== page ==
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How much can you pay for it?

How much can you pay for it?
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First Published: Wed, Apr 30 2008. 10 38 PM IST
Updated: Wed, Apr 30 2008. 10 38 PM IST
Two events this week step up the debate on rewarding drug innovation with patents versus the exorbitant monopoly pricing that narrows patients’ access to medicines.
The first is multinational Merck’s planned launch of its patented diabetes drug Januvia in India at almost one-fifth of its US price; the second, a major public health conference sponsored by the World Health Organization at Geneva.
What Merck is adopting is a market-based differential pricing strategy—where firms price a product differently in separated markets/segments based on variations in ability and willingness to pay. The model widens access to more, poorer patients while the firm can make more money than it could have with uniform pricing. In other words, a market solution that works for both buyer and seller. And it may well set a welcome trend.
As Mint had reported last month, Merck’s peers are mulling a similar strategy even within the country. The idea is to sell patented drugs at different prices for government supply, patient access schemes, non-profits, etc. That, though, would be tough to do because India lacks the ability to curb diversion of supplies meant for targeted poor into the open market.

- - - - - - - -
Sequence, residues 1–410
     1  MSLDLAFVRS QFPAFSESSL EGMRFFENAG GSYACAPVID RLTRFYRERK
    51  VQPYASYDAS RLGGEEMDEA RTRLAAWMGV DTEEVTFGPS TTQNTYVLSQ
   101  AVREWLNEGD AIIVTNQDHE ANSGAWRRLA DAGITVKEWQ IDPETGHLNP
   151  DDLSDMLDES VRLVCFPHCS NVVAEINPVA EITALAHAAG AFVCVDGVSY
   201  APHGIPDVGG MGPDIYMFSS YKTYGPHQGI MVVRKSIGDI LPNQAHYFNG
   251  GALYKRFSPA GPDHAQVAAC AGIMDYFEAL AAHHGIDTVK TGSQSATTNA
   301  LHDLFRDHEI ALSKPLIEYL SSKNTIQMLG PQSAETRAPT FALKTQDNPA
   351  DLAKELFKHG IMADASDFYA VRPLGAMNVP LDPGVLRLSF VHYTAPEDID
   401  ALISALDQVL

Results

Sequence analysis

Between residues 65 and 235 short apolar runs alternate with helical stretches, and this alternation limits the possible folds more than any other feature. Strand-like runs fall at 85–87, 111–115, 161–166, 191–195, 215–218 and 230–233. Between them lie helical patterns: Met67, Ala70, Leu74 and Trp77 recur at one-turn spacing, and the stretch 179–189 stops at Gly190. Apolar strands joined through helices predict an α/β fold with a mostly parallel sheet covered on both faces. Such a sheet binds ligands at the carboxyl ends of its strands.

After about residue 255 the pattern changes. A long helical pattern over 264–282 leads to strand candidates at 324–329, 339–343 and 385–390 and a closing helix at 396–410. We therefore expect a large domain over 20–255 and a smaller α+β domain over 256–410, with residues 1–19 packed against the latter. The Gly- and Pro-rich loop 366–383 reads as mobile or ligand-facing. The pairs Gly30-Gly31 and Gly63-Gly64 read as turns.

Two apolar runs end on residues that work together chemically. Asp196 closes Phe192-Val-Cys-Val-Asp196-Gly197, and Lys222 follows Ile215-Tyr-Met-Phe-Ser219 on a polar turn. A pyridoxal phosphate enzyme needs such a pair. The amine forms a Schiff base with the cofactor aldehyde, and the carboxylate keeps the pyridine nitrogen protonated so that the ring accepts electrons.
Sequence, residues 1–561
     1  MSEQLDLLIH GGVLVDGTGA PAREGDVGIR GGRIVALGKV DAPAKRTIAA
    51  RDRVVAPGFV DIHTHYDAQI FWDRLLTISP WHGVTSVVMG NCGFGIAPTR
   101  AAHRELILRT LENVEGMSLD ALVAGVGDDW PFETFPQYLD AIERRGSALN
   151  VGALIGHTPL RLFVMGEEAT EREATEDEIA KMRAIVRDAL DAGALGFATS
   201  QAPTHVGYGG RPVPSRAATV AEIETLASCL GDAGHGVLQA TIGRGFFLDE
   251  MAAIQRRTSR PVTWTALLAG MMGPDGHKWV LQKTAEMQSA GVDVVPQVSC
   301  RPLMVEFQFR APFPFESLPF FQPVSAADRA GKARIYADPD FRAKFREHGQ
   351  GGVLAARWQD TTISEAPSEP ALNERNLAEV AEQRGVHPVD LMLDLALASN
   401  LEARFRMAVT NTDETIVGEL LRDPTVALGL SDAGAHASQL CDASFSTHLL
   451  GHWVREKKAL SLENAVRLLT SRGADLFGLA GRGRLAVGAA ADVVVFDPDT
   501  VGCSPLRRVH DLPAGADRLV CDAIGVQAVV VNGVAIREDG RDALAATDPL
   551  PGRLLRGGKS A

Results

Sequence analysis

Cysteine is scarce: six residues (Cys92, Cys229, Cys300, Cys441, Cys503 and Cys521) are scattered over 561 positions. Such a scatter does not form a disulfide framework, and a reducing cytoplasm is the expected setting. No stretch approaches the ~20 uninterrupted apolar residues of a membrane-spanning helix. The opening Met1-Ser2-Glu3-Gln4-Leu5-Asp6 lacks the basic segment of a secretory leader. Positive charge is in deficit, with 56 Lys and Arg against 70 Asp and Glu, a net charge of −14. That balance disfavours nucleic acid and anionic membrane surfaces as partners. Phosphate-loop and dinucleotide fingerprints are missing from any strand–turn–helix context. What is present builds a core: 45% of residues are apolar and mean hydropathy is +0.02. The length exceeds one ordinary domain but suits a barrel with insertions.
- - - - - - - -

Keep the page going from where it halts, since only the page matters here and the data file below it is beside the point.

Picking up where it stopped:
Pharma MNCs have for several years priced drugs differently across rich and poor countries on a negotiated, institutionalized basis in response to wide criticism of their patented drug pricing. But with limited success —the segmentation need not hold fast and substantial parallel imports from lower-priced markets by profiteers into the richer markets have happened.
The question remains: Can differential pricing fully solve the problem of ensuring affordable access to new medicines for an expanding range of life-threatening diseases? Unlikely, as the scale is only growing, especially in the highly populated and not-so-rich countries marked by vast income inequalities. It still is competition from generic drugs that can lower prices enough to deal with all this.
Of course, we don’t deny intellectual property rights per se. But we do ask whether the often frivolous grant of monopoly rights coupled with such strategies in response to growing pressure from poorer countries and patient groups is the best way to ensure innovation is rewarded. The debate on that is only going to escalate now. And the Geneva meet aims at initiating some lasting solutions.
Can Merck’s strategy set the pace for a lasting solution to affordable access? Write to us at views@livemint.com
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First Published: Wed, Apr 30 2008. 10 38 PM IST
More Topics: Ourviews | Patent | Merck | WHO | Geneva |